"The reintroduction of the functional gene from the wild species into commercial wheat varieties has the potential to increase the nutritional value of a large proportion of our current cultivated wheat varieties," said lead researcher Professor Jorge Dubcovsky from the University of California, Davis.
Over two billion people are reported to be deficient in zinc and iron, and more than 160 million children under the age of five lack an adequate protein supply, according to the World Health Organization.
The development and commercialization of this nutrient-rich wheat could therefore lead to a range of functional bakery with enhanced nutritional profiles.
The focus of the study is the gene GPC-B1, so-called for its effect on Grain Protein Content, found to be non-functional in all the cultivated pasta and bread wheat varieties analyzed by the researchers. This suggested that the functionality of the gene was lost during the domestication of wheat.
To test if the gene is responsible for accelerating grain maturity and increasing protein and micronutrient content, the researchers used a technique called RNA interference to create GM wheat lines with decreased levels of the GPC gene.
The researchers report in the new issue of Science that the transgenic experimental plants had significantly reduced levels of protein (30 per cent), zinc (36 per cent), and iron (38 per cent), compared to the non-transgenic controls.
"The results were spectacular," said Dubcovsky. "The grains from the genetically modified plants matured several weeks later than the control plants and showed 30 percent less grain protein, zinc and iron, without differences in grain size. This experiment confirmed that this single gene was responsible for all these changes."
Having shown that gene was behind the accelerated maturing and increased protein, zinc and iron content, Dubcovsky and his collaborators in the Wheat Coordinated Agricultural Project are now racing to introduce the GPC-B1 gene into U.S. wheat varieties using a rapid-breeding technique called Marker Assisted Selection.
The new varieties, bred by conventional rather than transgenic methods, used wild emmer wheat (Triticum turgidum ssp. dicoccoides), ancestor of cultivated pasta wheat (T. turgidum ssp. durum).
Several breeding programs are reported to have already used the GPC-B1 gene to develop elite breeding lines, which are close to being released as new wheat varieties.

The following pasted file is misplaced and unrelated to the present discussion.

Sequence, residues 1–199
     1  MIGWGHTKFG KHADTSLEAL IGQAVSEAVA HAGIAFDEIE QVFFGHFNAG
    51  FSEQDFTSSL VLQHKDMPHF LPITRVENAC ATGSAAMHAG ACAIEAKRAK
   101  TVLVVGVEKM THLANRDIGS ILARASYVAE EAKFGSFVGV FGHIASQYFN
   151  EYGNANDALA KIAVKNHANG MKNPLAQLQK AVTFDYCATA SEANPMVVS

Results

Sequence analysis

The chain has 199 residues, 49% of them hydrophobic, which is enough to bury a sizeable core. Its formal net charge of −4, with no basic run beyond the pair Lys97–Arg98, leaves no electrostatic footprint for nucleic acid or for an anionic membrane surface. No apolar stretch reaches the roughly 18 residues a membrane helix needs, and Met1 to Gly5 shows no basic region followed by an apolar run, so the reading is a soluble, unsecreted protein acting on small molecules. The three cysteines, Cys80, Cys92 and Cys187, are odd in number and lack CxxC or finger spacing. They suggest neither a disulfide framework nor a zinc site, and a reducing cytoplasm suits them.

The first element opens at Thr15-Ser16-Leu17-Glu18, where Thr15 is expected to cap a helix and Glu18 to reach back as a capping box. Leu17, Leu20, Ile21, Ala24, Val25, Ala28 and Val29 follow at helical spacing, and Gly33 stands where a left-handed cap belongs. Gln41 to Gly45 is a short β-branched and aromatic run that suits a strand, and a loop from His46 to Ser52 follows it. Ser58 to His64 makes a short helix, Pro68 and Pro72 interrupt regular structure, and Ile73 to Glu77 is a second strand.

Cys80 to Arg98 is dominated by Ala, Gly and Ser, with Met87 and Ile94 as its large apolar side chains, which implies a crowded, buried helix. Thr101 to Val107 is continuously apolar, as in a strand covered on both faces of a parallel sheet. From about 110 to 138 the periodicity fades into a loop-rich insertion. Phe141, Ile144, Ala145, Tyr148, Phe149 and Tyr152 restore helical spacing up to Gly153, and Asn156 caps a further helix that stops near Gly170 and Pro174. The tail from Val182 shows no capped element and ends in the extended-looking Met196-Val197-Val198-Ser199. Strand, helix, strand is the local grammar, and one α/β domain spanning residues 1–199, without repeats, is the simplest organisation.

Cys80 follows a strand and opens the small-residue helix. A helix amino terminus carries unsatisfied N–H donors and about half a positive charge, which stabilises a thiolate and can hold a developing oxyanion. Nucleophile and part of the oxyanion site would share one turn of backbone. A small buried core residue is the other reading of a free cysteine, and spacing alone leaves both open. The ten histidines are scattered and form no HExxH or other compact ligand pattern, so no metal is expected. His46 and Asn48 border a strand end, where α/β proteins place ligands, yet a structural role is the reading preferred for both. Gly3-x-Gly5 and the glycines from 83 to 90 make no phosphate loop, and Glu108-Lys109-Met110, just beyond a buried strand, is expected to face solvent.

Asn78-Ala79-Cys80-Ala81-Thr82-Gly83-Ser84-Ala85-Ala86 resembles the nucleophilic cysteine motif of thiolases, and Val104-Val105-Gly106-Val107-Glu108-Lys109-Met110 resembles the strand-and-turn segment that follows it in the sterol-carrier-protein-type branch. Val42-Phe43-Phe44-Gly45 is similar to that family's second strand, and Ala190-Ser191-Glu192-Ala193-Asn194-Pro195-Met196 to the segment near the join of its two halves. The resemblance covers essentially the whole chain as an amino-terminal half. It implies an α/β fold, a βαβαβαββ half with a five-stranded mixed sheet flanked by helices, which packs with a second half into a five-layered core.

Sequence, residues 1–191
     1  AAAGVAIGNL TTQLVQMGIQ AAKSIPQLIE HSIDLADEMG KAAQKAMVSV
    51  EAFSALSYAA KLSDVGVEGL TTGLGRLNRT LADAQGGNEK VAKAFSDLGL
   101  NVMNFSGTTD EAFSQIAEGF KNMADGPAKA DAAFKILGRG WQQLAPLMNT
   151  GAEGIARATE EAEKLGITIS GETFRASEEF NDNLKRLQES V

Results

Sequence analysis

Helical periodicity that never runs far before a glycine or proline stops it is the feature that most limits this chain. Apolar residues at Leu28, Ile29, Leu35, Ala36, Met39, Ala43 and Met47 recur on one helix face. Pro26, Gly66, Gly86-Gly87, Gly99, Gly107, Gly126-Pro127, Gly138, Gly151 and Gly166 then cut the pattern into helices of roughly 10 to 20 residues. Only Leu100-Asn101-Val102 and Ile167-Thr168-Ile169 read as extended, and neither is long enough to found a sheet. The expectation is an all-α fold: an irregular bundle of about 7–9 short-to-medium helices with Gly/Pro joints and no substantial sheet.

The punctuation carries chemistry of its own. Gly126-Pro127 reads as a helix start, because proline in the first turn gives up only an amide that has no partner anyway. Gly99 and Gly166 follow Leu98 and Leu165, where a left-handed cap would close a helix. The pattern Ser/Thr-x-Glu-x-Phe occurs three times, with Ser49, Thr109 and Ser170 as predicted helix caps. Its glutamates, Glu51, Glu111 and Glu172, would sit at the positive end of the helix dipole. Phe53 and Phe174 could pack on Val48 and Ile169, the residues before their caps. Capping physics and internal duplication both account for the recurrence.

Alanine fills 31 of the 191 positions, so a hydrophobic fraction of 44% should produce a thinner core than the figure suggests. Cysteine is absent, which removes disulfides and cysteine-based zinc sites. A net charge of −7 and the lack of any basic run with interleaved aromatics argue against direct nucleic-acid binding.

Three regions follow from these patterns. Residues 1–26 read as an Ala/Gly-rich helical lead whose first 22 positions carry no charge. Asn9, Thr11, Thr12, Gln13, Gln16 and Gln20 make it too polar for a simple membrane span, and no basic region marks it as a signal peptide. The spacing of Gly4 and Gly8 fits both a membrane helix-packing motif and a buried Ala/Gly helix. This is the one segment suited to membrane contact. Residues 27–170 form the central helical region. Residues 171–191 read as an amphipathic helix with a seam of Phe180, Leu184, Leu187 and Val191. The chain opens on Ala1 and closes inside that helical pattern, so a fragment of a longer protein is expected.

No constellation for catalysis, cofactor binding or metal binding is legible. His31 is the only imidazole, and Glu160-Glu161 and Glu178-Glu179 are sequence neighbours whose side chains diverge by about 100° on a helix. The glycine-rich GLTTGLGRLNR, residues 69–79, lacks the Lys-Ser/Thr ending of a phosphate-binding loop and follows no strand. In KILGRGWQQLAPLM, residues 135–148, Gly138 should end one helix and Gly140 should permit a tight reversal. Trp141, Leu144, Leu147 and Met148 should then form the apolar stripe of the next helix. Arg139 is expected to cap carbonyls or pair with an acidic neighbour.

Such varieties are now being tested by breeders in multiple environments to determine if the introduction of GPC-B1 has any negative impacts on factors such as yield and quality, and the researchers hope that these will soon translate into food products with enhanced nutritional value.
And concerns associated with transgenic crops are not valid with the new wheat variety, because: "The resulting varieties are not genetically modified organisms, which will likely speed their commercial adoption," said a statement from the University of California, Davis.
"Wheat is one of the world's major crops, providing approximately one-fifth of all calories consumed by humans, therefore, even small increases in wheat's nutritional value may help decrease deficiencies in protein and key micronutrients," said Dubcovsky.
Enhancement of the nutritional content of plants is gaining ever increasing scientific attention, with a number of traditionally cross-bred and genetically modified plants and crops coming to light considered to offer human health benefits, including zeaxanthin to potato tubers, and the omega-3 fatty acid, eicosapentaeoic acid (EPA), to soybeans and brassica, and stearidonic acid (SDA) in canola crops.
Source: Science, 24 November 2006, Volume 314, pp. 1298-1301 "A NAC gene regulating senescence improves grain protein, zinc, and iron content in wheat" Authors: C. Uauy, A. Distelfeld, T. Fahima, A. Blechl, J. Dubcovsky